‘Coming 2 America’ (March 5, Amazon Prime)

Just when we need them the most, Akeem (Eddie Murphy) and Semmi (Arsenio Hall) and many other beloved characters from one of great comedies of the 20th century return to America after Akeem learns he has a son. If you’re not excited about this one, I don’t know if we can remain friends.

‘Raya and the Last Dragon’ (March 5, theatrical and Disney+)

The 59th film from Walt Disney Animation Studios is a fantastical adventure set in the long-ago world of Kumandra, where humans and dragons lived peacefully — until they didn’t. The talented Kelly Marie Tran (“The Last Jedi”) voices the warrior princess Raya, while the spectacularly gifted Awkwafina is Sisu, the last dragon on Earth.

‘The Many Saints of Newark’ (March 12, theatrical and HBO Max)

“Sopranos” creator David Chase takes us back to the New Jersey of 1967 and the early years of one Tony Soprano, with Michael Gandolfini playing the character made famous by his late father, James Gandolfini. The stellar supporting cast includes Leslie Odom Jr., Jon Bernthal, Corey Stoll, Ray Liotta, Vera Farmiga and Alessandra Nivola.

‘Bios’ (April 16)

Yes, it’s yet another futuristic sci-fi drama about one of the last men on Earth — but it’s Tom Hanks playing the survivor, an inventor named Finch, and Caleb Landry Jones playing Finch’s robot friend Jeff. It’s like Wilson the volleyball if Wilson could talk!

‘Last Night in Soho’ (April 23)


Anya Taylor-Joy and Matt Smith in “Last Night in Soho.”

Focus Features

Edgar Wright (“Scott Pilgrim vs. the World,” “Baby Driver”) directs this time-tripping psychological horror fantasy film starring Anya Taylor-Joy (“The Queen’s Gambit”) as Sandy, a young woman who finds herself in the London of the swingin’ 1960s. In a movie universe brimming with sequels and reboots, we’re rooting extra hard for those filmmakers who dare to try something utterly original.

‘Cruella’ (May 28)


Emma Stone plays a future villain in her formative years in “Cruella.”


Ooh, an origins story about one of the most notorious villains in the Disney library! Emma Stone plays the young fashion designer Estella de Vil, and the outstanding supporting cast includes Paul Walter Hauser, Mark Strong — and Emma Thompson as the Baroness, who just might be responsible for making Estella so Cruella.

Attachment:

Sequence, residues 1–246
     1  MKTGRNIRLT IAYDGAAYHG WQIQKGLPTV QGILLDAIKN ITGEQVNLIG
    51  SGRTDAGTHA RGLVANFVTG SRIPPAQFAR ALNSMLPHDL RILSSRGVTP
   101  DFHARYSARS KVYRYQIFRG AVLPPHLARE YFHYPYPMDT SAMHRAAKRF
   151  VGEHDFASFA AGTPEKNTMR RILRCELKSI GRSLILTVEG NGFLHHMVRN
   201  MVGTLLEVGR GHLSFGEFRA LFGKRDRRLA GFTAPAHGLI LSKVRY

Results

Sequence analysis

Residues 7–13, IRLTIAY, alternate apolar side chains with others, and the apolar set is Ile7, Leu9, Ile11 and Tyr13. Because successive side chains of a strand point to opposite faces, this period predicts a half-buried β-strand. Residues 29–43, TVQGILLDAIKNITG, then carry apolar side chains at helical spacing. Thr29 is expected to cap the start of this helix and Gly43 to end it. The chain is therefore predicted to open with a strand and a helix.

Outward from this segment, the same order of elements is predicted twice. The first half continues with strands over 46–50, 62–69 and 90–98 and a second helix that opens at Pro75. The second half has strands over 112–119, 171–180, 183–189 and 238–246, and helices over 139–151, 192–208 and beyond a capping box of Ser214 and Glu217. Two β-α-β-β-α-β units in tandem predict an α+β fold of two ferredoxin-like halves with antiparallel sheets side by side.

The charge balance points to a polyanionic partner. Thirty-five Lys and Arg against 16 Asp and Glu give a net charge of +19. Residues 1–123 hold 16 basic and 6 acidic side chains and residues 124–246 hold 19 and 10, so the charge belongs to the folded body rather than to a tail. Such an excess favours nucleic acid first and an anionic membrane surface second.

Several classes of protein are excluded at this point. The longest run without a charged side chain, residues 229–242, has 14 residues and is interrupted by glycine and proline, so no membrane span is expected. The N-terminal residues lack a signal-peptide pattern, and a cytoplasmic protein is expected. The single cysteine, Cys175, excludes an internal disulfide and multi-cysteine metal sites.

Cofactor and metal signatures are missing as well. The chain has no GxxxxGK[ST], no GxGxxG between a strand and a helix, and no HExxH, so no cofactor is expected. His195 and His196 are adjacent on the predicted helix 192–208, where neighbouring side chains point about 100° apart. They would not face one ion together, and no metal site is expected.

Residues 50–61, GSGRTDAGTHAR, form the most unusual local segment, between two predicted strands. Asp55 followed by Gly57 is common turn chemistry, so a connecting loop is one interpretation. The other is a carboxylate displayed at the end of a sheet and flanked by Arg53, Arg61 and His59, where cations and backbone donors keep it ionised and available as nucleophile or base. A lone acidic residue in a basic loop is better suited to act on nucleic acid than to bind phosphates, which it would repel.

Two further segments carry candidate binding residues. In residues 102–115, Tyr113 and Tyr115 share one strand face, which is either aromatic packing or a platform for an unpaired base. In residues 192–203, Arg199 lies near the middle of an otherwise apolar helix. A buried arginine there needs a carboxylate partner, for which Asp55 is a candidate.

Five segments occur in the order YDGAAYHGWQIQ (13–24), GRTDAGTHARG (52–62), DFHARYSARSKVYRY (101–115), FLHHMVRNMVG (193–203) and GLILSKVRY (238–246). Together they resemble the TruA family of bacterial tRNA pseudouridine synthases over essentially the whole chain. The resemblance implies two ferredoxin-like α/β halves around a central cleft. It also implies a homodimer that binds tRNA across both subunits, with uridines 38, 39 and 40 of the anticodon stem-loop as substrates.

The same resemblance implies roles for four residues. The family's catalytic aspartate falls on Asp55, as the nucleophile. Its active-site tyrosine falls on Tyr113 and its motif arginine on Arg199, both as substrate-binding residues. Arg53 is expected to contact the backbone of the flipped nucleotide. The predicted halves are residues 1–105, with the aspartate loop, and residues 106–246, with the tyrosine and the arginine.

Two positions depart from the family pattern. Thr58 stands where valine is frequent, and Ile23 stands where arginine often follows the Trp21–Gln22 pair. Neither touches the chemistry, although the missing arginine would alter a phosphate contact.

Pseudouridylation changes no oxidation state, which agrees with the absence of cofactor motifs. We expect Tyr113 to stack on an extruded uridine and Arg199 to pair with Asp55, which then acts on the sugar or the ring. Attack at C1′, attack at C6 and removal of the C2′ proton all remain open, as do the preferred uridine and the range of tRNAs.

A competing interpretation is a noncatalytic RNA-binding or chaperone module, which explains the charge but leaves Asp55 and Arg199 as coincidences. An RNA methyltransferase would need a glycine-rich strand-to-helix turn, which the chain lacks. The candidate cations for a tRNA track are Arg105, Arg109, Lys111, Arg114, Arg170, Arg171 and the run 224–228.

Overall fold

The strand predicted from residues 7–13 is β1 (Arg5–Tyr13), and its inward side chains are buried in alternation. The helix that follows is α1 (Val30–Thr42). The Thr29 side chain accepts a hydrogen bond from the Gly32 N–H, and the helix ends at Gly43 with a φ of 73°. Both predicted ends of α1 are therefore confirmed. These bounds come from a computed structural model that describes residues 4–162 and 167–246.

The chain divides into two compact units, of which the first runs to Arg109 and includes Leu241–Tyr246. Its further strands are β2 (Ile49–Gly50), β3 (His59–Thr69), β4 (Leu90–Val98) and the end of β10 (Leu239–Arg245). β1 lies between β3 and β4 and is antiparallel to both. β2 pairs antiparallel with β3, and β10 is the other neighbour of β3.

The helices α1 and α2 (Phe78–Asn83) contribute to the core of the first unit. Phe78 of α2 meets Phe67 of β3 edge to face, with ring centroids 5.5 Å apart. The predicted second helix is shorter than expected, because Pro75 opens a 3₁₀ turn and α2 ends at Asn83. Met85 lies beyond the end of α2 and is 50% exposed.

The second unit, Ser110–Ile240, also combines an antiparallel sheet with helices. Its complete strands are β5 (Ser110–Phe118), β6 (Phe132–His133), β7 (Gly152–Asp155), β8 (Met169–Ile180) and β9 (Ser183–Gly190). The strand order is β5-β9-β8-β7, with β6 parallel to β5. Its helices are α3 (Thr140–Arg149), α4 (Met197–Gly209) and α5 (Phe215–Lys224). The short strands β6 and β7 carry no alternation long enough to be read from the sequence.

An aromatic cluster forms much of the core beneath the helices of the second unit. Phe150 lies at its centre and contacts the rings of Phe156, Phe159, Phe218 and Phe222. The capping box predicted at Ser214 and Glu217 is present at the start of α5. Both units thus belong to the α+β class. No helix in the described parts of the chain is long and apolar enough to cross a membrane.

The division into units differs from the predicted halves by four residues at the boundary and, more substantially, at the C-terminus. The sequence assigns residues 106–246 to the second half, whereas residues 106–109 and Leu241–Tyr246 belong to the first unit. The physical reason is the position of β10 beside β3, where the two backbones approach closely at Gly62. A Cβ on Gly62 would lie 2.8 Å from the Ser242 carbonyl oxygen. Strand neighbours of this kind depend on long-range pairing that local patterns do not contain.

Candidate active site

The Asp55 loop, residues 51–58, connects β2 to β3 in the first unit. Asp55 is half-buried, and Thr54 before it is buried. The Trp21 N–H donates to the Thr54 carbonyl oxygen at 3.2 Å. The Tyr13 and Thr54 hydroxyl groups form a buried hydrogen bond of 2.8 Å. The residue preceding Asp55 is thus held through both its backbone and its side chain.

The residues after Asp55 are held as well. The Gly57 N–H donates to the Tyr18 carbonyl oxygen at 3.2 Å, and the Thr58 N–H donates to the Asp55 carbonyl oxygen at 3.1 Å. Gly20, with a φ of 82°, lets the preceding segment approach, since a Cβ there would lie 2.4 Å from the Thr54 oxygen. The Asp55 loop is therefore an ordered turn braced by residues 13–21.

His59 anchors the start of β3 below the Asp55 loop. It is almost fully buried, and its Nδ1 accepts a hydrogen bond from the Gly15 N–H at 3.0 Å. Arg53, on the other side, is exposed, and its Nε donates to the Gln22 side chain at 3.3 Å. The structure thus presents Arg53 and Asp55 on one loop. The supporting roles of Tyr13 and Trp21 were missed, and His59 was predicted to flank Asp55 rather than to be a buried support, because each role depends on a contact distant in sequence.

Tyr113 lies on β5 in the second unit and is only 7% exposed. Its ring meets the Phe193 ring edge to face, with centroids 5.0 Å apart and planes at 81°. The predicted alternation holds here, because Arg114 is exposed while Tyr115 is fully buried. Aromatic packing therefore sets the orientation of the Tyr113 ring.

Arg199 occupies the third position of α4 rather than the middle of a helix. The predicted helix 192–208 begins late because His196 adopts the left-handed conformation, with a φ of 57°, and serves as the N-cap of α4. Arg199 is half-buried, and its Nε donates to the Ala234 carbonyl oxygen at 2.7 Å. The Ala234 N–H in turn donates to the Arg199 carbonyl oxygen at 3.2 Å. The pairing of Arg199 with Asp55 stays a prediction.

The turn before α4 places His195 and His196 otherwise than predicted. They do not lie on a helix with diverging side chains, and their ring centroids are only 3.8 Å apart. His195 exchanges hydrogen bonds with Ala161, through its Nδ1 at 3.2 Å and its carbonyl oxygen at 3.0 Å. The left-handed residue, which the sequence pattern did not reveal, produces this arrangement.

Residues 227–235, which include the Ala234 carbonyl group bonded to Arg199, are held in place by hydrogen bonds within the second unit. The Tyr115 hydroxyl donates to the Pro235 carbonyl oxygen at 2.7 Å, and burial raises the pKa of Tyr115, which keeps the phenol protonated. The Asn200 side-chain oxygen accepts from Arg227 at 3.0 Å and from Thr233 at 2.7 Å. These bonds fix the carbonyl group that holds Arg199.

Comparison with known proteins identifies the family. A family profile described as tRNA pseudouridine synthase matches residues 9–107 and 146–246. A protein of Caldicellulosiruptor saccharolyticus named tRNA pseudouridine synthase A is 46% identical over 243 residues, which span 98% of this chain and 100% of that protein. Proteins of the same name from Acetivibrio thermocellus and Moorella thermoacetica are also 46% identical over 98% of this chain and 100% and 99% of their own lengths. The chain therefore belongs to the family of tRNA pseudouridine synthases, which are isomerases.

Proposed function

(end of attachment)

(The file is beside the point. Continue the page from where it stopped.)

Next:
‘Ghostbusters: Afterlife’ (June 11)

Speaking of most welcome sequels to classic comedies from the 1980s, this direct sequel to the first two “Ghostbusters” movies brings back Bill Murray, Dan Aykroyd, Ernie Hudson, Sigourney Weaver and Annie Potts in an all-new adventure directed by Jason Reitman (“Juno,” “Young Adult”) and produced by Jason’s father Ivan Reitman, who directed “Ghostbusters” and “Ghostbusters II.” Who ya gonna call, indeed!

‘Luca’ (June 18)


Pixar’s “Luca” is set on the Italian Riviera.


Pixar’s latest original animated movie is a coming-of-age adventure set in Italy. This is the closest thing to a sure bet as any movie coming out in 2021, as at least 90% of Pixar’s films over the last quarter-century have been good-to-great, and only a very few have been clunkers (I’m looking at you, “Cars 2.”)

‘Zola’ (June 30)

You knew it was bound to happen: a feature film inspired by a Twitter thread, in this case an epic 148-tweet narrative about a Detroit waitress named Zola (Taylour Paige) who takes a trip to Florida with a sex worker (Riley Keough), with all sorts of madness ensuing along the way. This sounds like one of those movies that’s either going to be smart and original and memorable — or a trainwreck. (The reviews out of Sundance were largely positive, so hope remains strong.)